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Pfizer scientists collaborating in new TB initiative

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Pfizer Inc. scientists in Groton are joining a worldwide collaboration to find a new drug regimen to battle tuberculosis, which kills an estimated 1.8 million people annually, the company said today.

The so-called Critical Path to TB Drug Regimens, an initiative that will bring together at least 10 pharmaceutical companies and the U.S. Food & Drug Administration, hopes to cut the time it might take to develop a new TB therapy from as much as a quarter century to as little as six years.

"A successful drug combination regimen to fight TB could save millions of lives," Dr. Tachi Yamada, president of the Bill & Melinda Gates Foundation's global health program, said in a statement. "This type of collaboration between the public and the private sector is exactly what's needed to help speed the availability of a shorter and more effective treatment for TB."

The Gates Foundation, along with the Global Alliance for TB Drug Development and the Critical Path Institute, helped get the initiative off the ground. The World Health Organization also is a backer of the initiative.

Other drug companies besides Pfizer involved in the initiative are Johnson & Johnson, Sanofi-Aventis, AstraZeneca, GlaxoSmithKline, Bayer, Otsuka, Novartis, Sequella and Anacor Pharmaceuticals.

The lineup of drug companies could change over the coming months and years. "The collaboration will welcome participation from any company with a promising TB drug candidate in development," said a press release from the Critical Path initiative.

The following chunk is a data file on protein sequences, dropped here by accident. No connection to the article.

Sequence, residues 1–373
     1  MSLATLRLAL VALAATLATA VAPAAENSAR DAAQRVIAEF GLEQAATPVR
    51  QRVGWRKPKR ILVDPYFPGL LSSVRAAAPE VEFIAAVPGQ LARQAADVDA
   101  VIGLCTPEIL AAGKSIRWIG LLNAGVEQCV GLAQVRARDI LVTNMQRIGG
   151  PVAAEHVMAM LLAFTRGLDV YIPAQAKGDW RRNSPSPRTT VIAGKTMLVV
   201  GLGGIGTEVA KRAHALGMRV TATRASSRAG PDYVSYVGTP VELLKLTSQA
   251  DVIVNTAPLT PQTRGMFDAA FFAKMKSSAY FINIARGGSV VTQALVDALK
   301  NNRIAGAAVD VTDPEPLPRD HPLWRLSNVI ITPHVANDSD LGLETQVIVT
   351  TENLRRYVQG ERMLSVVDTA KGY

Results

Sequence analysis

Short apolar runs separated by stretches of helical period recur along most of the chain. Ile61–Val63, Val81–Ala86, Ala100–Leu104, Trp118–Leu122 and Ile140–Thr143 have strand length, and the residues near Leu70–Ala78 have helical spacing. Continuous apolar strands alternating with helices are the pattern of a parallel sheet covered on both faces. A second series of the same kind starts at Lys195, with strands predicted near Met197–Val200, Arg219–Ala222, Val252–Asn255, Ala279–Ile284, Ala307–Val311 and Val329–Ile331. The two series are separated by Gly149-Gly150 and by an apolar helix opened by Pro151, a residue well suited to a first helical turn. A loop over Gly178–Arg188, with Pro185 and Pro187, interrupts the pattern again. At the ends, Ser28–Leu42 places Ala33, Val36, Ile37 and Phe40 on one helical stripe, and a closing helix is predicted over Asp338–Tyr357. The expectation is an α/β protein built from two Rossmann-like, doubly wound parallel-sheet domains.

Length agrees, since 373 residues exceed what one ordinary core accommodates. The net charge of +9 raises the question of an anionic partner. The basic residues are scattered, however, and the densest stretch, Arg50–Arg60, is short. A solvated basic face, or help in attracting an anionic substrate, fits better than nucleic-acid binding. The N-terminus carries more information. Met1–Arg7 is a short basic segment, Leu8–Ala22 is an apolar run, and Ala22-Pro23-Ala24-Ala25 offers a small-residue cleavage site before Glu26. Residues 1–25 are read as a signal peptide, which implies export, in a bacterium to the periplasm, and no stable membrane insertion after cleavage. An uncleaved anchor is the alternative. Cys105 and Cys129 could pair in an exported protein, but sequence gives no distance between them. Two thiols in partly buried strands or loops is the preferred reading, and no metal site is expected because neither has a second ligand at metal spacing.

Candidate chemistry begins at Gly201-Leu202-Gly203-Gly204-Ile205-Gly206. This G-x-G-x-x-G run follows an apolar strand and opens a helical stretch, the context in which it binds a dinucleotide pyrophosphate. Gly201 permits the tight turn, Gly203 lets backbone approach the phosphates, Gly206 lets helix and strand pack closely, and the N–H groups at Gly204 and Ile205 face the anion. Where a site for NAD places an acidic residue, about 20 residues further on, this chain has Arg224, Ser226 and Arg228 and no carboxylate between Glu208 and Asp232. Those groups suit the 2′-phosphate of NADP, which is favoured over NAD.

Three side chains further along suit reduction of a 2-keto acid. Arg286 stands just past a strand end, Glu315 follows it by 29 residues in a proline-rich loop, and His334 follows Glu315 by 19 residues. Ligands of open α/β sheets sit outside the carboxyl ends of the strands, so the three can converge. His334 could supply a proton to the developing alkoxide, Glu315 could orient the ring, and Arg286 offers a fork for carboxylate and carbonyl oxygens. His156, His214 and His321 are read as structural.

Nine promising antibiotics are currently being studied in earnest as part of a combination of drugs that could replace a nearly half-century-old regimen now being used. Because of the resilience of TB bacteria, an estimated half-million annual cases of tuberculosis globally are reported to involve drug-resistant strains of the disease, making the search for a combination of antibiotics essential, according to scientists.

The FDA, which will be joined by European regulatory authorities in trying to speed up the approval process for TB drug combinations, said the initiative is unusual, but not unprecedented.

"FDA is poised to repeat its creative regulatory approach to AIDS drugs in the 1990s, which helped save the lives of millions without compromising drug quality," said Mark Harrington, executive director of Treatment Action Group, which advocates for HIV-infected patients, who are more likely to be killed by TB than any other cause.



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